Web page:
The “relationships” theme was incorporated into ABC’s branding and permeated the company culture. Hostility on the job—backbiting, unhealthy competitiveness—was nipped in the bud. The company even offered workshops on developing and sustaining positive personal relationships outside the workplace. Recognizing the need for balance, ABC’s culture and benefits were family-friendly. No employee ever had to worry that staying home with a sick kid might cost him his job.


Summarize your organization’s USP or your UIS.

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Product strategies? Off with their heads!

Craigslist handed me a beautiful gift the other day—a help-wanted ad that’s more ridiculous than one I could make up. Like many ads written in corporate-speak, it expresses a preference for applicants who “exhibit strong written & verbal communication skills” that are so plainly absent in the ad itself.

Note: By verbal, the writer probably means spoken. It’s common to see the phrase “verbal agreement,” as if any agreement expressed in words—written or spoken—were not verbal. But I pick nits, when there’s so much more to bewail in this misguided verbal-communication endeavor.

Hyphens do matter, as “exhibited” in phrases such as “cross portfolio strategies” and “cross functional stakeholders.” If there’s anything worse than a functional stakeholder, it’s an irritable functional stakeholder, I always say, when I’m talking about stakeholders of any stripe—something I go out of my way to avoid. But maybe that’s because I lack the ability to “evolve strategic & tactical elements based on research, data, & industry trends.” Perhaps one can learn to evolve such elements only in “highly matrixed” organizations. Most of my experience has evolved in organizations with lowly matrixes. I suspect I’ve even “executed collateral among stakeholders” in matrix-deficient organizations. Let’s have that be our little secret, if you don’t mind. I might need to pull the matrix card in a job interview some day.

As buzzwords go, transparency is a useful one, and this ad is anything but transparent. An organization that’s transparent doesn’t have a lot of secrets, knowing that secrets are not good for business. They’re like roaches, hiding in the dark, skittering around only when they think they won’t be noticed. Eventually someone turns a light on and they run for cover, but it’s too late. They’ve been found out.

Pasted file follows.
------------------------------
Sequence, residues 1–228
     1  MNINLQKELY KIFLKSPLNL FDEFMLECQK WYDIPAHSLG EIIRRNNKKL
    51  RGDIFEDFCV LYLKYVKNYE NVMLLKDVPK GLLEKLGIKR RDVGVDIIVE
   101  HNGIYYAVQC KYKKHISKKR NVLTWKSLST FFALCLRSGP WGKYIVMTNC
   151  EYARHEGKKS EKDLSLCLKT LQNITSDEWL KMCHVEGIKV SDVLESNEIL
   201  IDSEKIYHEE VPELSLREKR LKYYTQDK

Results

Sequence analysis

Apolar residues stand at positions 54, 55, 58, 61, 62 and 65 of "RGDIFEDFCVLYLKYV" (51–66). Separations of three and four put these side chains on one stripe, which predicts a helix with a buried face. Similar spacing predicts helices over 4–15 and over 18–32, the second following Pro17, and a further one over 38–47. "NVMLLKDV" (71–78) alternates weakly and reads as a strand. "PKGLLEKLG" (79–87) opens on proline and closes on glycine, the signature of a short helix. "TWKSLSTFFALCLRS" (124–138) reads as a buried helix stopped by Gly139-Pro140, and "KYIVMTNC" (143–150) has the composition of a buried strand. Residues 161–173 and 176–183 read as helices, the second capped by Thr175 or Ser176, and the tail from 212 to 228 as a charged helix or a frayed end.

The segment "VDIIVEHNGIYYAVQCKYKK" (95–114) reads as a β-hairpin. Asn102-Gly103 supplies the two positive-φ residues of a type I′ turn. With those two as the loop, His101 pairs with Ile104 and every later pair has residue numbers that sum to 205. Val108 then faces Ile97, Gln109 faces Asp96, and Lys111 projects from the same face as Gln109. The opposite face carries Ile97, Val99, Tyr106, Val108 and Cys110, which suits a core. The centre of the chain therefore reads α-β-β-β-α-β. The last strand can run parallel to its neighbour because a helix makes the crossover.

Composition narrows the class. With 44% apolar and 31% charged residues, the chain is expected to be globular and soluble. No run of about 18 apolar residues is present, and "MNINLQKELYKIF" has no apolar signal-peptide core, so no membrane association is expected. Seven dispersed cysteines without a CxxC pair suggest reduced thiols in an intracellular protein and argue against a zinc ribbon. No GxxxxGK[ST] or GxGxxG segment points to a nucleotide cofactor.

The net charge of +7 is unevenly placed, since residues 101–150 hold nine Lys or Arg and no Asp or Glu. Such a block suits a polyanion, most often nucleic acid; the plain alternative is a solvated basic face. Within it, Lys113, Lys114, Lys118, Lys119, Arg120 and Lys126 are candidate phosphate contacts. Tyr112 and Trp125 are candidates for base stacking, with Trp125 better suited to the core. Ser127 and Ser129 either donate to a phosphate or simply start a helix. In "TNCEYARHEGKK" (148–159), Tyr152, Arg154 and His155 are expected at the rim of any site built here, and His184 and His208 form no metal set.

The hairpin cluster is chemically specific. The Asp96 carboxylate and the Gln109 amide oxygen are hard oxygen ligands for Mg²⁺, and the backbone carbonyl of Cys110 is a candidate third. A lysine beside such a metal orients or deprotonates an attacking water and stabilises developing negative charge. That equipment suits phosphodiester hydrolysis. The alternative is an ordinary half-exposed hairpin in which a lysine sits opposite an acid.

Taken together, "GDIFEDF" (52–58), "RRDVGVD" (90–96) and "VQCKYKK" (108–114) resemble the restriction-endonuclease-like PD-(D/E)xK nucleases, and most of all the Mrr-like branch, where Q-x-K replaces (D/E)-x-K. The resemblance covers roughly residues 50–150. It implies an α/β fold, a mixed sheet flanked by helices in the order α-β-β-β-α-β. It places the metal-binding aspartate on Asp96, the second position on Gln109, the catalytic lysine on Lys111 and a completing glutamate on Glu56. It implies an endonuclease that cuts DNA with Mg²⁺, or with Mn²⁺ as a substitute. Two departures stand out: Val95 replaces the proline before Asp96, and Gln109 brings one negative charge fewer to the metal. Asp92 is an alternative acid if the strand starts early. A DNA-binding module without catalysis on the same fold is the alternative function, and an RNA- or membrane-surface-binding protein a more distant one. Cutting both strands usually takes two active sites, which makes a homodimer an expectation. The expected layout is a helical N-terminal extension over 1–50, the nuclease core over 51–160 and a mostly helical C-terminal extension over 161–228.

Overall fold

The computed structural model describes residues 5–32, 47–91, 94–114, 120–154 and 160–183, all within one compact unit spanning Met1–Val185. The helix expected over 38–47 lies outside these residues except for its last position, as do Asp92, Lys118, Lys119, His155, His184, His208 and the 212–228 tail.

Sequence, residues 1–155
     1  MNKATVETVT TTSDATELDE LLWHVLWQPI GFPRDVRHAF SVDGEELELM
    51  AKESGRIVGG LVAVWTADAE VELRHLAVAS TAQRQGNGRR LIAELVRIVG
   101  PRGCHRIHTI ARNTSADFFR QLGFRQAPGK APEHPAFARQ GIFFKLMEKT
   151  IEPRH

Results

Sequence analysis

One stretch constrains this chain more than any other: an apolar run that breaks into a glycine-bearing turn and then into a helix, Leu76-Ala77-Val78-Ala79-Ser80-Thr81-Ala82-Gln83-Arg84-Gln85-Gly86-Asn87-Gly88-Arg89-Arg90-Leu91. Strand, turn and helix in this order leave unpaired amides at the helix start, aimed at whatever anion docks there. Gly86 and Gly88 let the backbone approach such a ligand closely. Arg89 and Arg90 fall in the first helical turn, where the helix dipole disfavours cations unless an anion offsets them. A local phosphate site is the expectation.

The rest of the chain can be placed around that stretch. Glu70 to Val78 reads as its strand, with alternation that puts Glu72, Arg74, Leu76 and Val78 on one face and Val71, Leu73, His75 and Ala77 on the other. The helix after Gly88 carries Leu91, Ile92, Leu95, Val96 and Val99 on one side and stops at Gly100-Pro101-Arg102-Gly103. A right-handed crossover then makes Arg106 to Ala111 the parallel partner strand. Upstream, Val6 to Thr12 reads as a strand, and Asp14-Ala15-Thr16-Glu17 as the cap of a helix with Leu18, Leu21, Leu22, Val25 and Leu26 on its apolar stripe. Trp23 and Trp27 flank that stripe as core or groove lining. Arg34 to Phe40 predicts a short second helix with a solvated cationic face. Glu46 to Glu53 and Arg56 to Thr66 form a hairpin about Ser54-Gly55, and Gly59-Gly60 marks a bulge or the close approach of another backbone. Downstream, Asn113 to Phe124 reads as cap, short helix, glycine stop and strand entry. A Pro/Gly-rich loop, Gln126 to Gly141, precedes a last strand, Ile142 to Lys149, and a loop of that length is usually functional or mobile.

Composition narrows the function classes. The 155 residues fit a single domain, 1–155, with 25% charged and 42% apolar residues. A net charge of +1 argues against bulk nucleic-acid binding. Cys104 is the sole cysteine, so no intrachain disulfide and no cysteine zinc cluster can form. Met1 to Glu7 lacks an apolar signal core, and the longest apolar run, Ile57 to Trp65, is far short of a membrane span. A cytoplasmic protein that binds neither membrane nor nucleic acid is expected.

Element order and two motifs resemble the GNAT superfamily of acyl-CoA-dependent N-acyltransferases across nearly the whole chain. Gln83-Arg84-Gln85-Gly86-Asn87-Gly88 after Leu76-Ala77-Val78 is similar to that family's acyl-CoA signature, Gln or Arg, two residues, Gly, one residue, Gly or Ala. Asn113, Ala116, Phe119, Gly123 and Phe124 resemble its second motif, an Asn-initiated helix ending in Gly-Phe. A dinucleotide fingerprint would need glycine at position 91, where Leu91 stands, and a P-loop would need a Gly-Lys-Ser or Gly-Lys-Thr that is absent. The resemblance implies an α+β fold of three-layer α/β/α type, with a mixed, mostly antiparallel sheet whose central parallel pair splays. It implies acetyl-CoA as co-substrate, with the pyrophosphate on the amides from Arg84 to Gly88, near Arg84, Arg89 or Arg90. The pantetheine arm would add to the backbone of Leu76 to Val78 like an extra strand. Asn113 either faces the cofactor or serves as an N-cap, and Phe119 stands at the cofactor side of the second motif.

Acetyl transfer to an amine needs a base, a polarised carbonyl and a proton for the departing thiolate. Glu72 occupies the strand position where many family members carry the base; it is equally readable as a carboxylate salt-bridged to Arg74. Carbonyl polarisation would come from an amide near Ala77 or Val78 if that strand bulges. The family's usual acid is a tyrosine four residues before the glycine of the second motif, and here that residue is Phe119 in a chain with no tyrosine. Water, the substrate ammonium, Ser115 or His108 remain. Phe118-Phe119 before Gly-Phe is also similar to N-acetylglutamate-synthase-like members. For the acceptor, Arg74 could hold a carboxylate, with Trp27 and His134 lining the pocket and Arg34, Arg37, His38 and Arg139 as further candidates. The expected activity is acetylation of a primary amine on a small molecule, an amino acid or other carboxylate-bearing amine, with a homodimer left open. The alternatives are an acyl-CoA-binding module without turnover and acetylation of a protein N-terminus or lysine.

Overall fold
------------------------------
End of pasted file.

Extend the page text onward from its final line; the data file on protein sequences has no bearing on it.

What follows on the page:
Transparency is not served by jargon, which gives the impression that the writer is more interested in showing off—exhibiting power—than in telling a story, answering a question, or solving a problem.

Below you’ll find (a) the ad, (b) my reaction, some of which I shared in a friendly, helpful way with the advertiser, and (c) an excerpt from the Harvard Business Review Guide to Better Business Writing, whose author gleefully deplores the sort of verbiage you’re about to read… if you have the stomach for it.

The Ad

Organization seeks Marketing Specialist who supports the execution of product strategies and cross portfolio strategies and works with moderate guidance across businesses to create and execute supporting communications. 

  • Assists in the design, development, editing & execution of marketing messaging & collateral including advertisements, direct mail & technical information for targeted audiences in conjunction with internal marketing team and external agencies, including LMR processes and requirements. 


  • Understands the sales budgeting process and participates in the prioritization of tactics.
  • Exhibit strong written & verbal communication skills along with excellent interpersonal skills.
  • Demonstrated strategic thinking, initiative, and creativity.
  • Show agility with a proven ability to evolve strategic & tactical elements based on research, data & industry trends.
  • Demonstrated problem solving and analytical skills.
  • Demonstrated ability to work with cross functional stakeholders. OR. Demonstrated ability to work in a highly matrixed organization.
  • Proven track record of achieving goals. OR. Proven track record of meeting financial and other quantitative goals.